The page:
Future of Electricity Markets: Emerging trends, innovations and challenges

Emerging trends, innovations and challenges

By Rajesh K. Mediratta, Director, Strategy and Regulatory Affairs, Indian Energy Exchange Limited

As the global chorus of concern around climate change grows, In­d­ia’s commitments to climate chan­ge mitigation have also ushered in a change in the country’s energy scenario. India’s energy mix is gradually transitioning towards a decarbonised energy sector, bas­ed largely on clean forms of en­ergy, including renewable power so­ur­ces such as solar and wind. This evolving energy scenario has further created imperatives for the power markets to transition from an overly rigid structure to a flexible system that is more amenable to the variability of supplies and the dynamics of demand.

Greater flexibility was introduced in the power markets th­ro­ugh the creation of power exchanges, and ever since their in­cep­tion, the efficiency and liquidity of the power exchanges have improved significantly. The day-ahead market (DAM), launched in 2008, has clearly served the purpose of enabling transparent price discovery, benchmark prices for investments, ease of trading, payment security, and delivery certainty. This has helped improve the flexibility, competitiveness, and overall efficiency of power procurement in addition to addressing the demand-supply gap. The price signals by the power markets have helped in building generation capacity, transmission capacity, and reinforcements over the years.

The grand energy transition

India’s vision of achieving a renewable energy deployment of 450 GW by 2030 for ensuring energy security and meeting climate change obligations is huge in terms of its scale, and its impact on system operations, power markets, and power procurement methods. This grand energy transition will throw up new challenges because of intermittency issues. Hence, the mar­kets should not only provide options for managing day/ week/season-wise demand-supply gaps, but should also add­ress the intermittency aspect in seconds’ time frame.

New markets for energy transition

The real-time market (RTM) was launched in June 2020, with the intent of helping market participants dynamically balance their power demand-supply portfolio in real time, in a structured way through the market platform. The RTM helps make the power market more dynamic by enabling trade in electricity through 48 auctions in a day, with a new auction being held every half an hour. It offers distribution utilities immense flexibility in ad­d­ressing their varying schedules through the delivery of power at just an hour’s notice. The RTM has grown from 0.5 BUs in the first month to 1.5  BUs in a year and touched a high of 1.8 BUs in August 2021. In the exchange-based segments, the RTM is now the second largest segment after the DAM.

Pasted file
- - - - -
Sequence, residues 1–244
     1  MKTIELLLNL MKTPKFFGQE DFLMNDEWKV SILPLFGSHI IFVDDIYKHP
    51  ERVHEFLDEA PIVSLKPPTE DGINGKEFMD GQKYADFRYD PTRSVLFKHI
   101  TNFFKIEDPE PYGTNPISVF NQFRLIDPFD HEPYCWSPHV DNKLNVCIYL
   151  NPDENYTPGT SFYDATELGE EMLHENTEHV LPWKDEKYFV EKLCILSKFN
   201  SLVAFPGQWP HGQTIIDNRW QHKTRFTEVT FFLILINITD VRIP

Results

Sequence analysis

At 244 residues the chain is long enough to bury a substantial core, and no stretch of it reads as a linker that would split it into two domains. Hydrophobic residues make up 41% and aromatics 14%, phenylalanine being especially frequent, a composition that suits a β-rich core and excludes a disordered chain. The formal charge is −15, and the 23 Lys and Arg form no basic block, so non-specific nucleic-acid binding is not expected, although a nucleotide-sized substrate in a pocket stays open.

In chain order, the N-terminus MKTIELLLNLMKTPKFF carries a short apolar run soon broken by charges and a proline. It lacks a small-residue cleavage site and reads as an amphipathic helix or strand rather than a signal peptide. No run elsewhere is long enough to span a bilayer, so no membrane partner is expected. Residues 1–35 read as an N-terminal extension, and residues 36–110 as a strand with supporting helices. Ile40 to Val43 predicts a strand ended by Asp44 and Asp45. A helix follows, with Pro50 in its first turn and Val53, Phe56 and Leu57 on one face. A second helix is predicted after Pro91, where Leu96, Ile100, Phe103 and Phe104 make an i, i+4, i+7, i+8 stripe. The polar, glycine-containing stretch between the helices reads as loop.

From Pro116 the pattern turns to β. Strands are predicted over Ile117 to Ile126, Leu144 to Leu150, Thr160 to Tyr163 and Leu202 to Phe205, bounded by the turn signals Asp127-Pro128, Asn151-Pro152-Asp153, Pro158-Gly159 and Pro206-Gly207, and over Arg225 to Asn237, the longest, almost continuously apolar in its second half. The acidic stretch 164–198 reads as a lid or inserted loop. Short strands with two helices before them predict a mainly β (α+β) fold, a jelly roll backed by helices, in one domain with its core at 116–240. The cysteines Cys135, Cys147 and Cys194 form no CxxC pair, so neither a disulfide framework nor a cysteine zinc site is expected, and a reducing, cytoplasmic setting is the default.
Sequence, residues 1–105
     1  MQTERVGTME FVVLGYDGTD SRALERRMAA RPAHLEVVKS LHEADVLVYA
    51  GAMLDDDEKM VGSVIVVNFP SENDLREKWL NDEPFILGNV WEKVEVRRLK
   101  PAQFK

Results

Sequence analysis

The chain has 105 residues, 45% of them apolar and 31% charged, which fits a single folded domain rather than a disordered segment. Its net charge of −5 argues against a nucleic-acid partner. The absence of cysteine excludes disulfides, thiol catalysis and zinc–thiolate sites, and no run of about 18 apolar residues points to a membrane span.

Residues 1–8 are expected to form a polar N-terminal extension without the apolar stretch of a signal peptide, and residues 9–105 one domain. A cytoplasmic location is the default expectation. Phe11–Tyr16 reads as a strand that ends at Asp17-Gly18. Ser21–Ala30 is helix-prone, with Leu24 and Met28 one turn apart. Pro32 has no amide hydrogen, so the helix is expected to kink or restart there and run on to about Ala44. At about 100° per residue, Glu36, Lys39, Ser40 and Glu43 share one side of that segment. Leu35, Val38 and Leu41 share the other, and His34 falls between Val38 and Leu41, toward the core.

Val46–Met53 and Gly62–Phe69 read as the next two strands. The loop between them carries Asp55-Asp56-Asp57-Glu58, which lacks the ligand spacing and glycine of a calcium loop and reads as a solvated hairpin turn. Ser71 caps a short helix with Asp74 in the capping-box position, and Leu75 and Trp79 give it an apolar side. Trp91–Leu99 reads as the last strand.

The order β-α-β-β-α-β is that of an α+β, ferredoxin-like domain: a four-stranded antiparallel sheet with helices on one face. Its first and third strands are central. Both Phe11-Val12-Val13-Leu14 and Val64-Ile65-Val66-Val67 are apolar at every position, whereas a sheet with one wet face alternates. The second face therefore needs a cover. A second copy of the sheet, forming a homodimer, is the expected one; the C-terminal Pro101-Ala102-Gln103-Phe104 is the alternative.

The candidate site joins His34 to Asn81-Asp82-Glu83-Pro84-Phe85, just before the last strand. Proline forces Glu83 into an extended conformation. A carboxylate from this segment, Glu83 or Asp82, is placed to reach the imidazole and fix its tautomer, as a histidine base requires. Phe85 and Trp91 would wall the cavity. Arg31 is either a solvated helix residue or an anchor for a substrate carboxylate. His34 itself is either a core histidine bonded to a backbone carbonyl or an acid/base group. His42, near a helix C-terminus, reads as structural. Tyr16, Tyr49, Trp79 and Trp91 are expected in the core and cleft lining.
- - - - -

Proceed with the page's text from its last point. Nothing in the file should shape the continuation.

In order to increase renewable energy capacity, interstate transmission system charges have been waived and flexibility in sche­­duling up to 15 per cent has been provided. For such generators, an additional market segment was launched with the objective of enabling trade in renewable energy  in an efficient and competitive manner through a nationwide renewable energy market. This allows distribution utilities and renewable energy generators to sell their surplus green power, and the obligated entities to procure renewable energy from the market in order to meet their electricity needs and fulfil renewable purchase obligations. The green term-ahead market (GTAM) facilitates transactions in DAC, intra-day, weekly, and daily contracts. There is a move to provide green DAM market, shortly.

The Central Electricity Regulatory Commission (CERC) has already issued a draft regulation on providing secondary and tertiary reserves services through the market. These services are an essential tool in the hands of system operators to keep the system safe and secure. The primary reserves are currently not intended to be provided through the markets. However, we believe that the primary reserves market will push the deployment of batteries that have the capability to respond in seconds to provide primary reserves.

Long-term power purchase agreements (PPAs) will be a thing of the past for price hedging for discoms and commercial and industrial (C&I) customers once electricity futures are available on the exchanges. These futures will provide price certainty for the next few years and avoid the need for signing long-term rigid PPAs with take-or-pay provisions. Futures will have the least entry and exit barriers and at the same time they will provide price certainty to buyers and sellers.

With significant deployment of solar PV rooftops, congestion will move to the distribution network. This will require local or­der books to seek bids from buyers and sellers to mitigate in shorter time frames. Currently, the exchanges operate at the na­tional level. Later they will need to provide such flexibility to markets at the distribution level. India plans to produce 40 GW of rooftop PV capacity by 2022. Rooftop PV systems and batteries can be an ideal combination for C&I customers. Battery storage can open up many possibilities for power trading with customers in neighbouring areas. Peer-to-peer (P2P) platforms can provide options to communities and C&I customers to trade surplus power at the local level. These local markets can be based on blockchain technology.